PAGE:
require 'test_helper'

module Workarea
  if Plugin.installed?(:api)
    module Api
      module Storefront
        class BalanceIntegrationTest < Workarea::IntegrationTest
          def test_balance_lookup
            # ...
          end
        end
      end
    end
  end
end

The following examples from Address Verification wrap test definitions in two other types of conditionals. The first, Workarea::TestCase.running_in_gem? is true only when the test case is run from the engine's embedded "dummy" app. This allows defining tests that are useful to the plugin maintainers but may be problematic to include in the test suites of applications that install the plugin.

The other, Workarea.const_defined? tests the environment for the presence of a particular constant before defining tests. Address Verification supports multiple address verification gateways (and therefore provides tests for multiple gateways), but only one gateway will be installed in a production app. The conditional ensures tests for only the installed gateway are run.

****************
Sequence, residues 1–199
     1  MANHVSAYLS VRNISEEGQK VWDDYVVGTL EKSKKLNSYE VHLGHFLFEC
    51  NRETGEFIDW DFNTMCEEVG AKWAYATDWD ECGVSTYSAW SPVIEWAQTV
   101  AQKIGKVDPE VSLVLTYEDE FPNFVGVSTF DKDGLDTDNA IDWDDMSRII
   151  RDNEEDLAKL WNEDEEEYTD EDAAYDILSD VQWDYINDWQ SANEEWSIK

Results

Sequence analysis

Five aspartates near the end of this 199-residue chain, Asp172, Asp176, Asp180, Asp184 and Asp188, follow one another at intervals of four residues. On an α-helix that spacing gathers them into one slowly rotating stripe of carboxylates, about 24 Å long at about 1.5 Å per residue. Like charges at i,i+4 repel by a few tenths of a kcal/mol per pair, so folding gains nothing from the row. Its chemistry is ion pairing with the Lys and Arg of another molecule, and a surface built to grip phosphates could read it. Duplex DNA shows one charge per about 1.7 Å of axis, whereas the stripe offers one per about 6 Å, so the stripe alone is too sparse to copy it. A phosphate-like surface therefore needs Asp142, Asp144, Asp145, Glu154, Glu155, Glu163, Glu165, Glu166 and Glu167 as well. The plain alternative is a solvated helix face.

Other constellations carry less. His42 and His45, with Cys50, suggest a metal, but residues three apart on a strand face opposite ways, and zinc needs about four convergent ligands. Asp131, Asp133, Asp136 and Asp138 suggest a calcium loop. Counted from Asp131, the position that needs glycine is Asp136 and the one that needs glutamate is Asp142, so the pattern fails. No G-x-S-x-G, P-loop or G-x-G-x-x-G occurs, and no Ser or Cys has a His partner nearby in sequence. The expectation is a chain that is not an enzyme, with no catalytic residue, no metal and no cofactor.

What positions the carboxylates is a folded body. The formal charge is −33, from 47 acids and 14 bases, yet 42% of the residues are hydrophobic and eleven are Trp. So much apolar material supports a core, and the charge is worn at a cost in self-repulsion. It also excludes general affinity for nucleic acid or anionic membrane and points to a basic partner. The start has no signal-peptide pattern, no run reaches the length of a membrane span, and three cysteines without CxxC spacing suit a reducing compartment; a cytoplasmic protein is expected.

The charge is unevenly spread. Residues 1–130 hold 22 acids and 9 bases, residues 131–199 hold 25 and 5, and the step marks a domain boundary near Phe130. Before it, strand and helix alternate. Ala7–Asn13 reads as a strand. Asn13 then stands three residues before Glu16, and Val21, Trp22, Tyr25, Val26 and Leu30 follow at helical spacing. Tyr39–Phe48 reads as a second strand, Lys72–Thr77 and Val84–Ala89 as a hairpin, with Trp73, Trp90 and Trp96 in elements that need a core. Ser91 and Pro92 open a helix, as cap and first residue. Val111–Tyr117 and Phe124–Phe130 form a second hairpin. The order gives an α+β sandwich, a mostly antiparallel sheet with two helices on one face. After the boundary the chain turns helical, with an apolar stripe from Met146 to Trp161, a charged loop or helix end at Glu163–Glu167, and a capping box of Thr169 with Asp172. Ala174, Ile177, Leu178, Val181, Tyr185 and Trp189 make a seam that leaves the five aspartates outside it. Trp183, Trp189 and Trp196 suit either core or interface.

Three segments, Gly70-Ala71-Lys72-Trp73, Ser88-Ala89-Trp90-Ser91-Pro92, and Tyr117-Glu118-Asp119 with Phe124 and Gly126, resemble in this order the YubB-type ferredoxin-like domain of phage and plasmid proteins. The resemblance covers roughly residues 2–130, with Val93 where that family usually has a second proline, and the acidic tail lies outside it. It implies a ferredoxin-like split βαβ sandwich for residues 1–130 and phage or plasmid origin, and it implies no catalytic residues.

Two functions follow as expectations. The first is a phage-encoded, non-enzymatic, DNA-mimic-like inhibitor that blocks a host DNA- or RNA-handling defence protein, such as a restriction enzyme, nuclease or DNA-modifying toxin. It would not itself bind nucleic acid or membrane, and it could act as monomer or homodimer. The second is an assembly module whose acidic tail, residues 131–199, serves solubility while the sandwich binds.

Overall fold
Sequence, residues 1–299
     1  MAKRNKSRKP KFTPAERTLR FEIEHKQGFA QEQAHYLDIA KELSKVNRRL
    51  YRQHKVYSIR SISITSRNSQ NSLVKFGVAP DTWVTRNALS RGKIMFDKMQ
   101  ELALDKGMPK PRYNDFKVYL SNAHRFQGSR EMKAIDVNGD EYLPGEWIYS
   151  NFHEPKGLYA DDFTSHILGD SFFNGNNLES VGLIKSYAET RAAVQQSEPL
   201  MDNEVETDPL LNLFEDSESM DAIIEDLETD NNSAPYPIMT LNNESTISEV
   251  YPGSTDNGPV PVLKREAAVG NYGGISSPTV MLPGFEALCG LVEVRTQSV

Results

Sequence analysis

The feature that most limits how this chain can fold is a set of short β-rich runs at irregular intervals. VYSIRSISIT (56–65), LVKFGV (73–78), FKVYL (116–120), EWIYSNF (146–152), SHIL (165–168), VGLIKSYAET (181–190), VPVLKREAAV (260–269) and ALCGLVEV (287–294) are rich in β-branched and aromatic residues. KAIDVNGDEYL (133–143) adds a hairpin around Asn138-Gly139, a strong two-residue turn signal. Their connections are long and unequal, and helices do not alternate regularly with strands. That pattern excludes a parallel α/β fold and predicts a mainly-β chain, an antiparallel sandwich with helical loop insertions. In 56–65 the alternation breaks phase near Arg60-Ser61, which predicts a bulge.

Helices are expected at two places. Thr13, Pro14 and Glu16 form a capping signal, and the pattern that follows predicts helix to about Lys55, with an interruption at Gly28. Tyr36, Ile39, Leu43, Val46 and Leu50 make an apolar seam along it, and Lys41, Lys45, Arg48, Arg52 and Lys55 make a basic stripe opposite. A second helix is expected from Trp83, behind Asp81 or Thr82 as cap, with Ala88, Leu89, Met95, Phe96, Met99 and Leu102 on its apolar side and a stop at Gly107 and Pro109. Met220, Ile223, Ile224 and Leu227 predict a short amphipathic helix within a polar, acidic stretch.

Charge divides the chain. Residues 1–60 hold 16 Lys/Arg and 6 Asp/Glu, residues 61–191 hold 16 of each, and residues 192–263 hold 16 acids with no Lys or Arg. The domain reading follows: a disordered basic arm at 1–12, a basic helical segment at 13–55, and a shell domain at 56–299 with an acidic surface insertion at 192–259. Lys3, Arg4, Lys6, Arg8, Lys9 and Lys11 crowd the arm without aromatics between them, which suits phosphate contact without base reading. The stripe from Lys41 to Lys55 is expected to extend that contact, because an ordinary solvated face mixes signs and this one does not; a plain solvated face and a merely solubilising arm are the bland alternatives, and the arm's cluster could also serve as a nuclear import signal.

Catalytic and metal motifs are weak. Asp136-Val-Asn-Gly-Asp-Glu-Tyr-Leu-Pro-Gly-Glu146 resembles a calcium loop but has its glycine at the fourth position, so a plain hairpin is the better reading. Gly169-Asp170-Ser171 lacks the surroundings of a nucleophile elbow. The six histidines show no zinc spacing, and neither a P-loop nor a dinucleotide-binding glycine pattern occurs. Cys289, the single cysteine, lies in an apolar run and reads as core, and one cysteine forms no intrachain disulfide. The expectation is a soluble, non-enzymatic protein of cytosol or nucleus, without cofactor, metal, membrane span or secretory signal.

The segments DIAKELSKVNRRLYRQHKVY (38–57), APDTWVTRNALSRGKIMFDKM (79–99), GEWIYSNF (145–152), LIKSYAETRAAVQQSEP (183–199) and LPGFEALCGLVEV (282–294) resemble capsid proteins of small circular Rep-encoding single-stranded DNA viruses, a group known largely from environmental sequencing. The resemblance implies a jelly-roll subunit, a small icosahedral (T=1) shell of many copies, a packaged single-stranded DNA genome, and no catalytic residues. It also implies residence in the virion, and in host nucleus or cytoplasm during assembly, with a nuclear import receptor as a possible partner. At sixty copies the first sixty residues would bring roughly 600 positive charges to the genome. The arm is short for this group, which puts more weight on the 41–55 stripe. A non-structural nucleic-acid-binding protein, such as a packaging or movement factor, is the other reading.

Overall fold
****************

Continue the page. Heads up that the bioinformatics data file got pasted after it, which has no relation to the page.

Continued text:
# workarea-address_verification-2.0.2/test/lib/workarea/address_verification/ups_gateway_test.rb

require 'test_helper'

if Workarea::TestCase.running_in_gem? ||
   Workarea.const_defined?('AddressVerification::UpsGateway')

  require 'workarea/address_verification/ups_gateway'

  module Workarea
    module AddressVerification
      class UpsGatewayTest < TestCase
        def test_verify
          # ...
        end
      end
    end
  end
end

# workarea-address_verification-2.0.2/test/lib/workarea/address_verification/melissa_data_gateway_test.rb

require 'test_helper'

if Workarea::TestCase.running_in_gem? ||
   Workarea.const_defined?('AddressVerification::MelissaDataGateway')

  require 'workarea/address_verification/melissa_data_gateway'

  module Workarea
    module AddressVerification
      class MelissaDataGatewayTest < TestCase
        def test_verify
          # ...
        end
      end
    end